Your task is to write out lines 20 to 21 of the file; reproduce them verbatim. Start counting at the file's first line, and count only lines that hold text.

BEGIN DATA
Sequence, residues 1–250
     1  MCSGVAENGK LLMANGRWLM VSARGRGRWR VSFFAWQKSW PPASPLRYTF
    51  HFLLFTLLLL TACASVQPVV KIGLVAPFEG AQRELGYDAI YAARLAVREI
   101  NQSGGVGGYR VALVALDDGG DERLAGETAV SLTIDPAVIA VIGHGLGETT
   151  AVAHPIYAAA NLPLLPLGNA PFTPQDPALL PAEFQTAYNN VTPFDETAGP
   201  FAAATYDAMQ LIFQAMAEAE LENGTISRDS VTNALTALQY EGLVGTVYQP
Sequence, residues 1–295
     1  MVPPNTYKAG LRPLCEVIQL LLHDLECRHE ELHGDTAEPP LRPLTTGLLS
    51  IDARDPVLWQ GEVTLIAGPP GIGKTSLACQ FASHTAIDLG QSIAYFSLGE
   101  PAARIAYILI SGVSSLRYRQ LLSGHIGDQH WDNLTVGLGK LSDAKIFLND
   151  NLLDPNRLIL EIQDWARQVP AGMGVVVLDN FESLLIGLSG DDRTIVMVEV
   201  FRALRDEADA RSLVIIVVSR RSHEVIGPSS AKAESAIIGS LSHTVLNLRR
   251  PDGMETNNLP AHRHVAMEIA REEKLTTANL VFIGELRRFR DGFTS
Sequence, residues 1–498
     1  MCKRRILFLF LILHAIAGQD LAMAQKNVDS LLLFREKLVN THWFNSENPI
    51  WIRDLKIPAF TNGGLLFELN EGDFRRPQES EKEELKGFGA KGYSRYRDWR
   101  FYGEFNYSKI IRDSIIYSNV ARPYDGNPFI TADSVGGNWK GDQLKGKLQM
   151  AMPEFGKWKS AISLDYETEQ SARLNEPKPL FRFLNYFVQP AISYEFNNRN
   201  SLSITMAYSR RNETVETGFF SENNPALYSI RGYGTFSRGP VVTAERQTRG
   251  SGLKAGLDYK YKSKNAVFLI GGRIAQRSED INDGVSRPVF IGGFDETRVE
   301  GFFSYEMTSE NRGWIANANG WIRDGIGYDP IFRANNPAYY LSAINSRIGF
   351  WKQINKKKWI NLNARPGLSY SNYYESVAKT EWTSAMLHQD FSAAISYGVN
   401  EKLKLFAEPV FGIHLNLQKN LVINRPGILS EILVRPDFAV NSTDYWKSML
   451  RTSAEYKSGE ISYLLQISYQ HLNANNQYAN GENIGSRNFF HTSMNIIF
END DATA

   251  SGLKAGLDYK YKSKNAVFLI GGRIAQRSED INDGVSRPVF IGGFDETRVE
   301  GFFSYEMTSE NRGWIANANG WIRDGIGYDP IFRANNPAYY LSAINSRIGF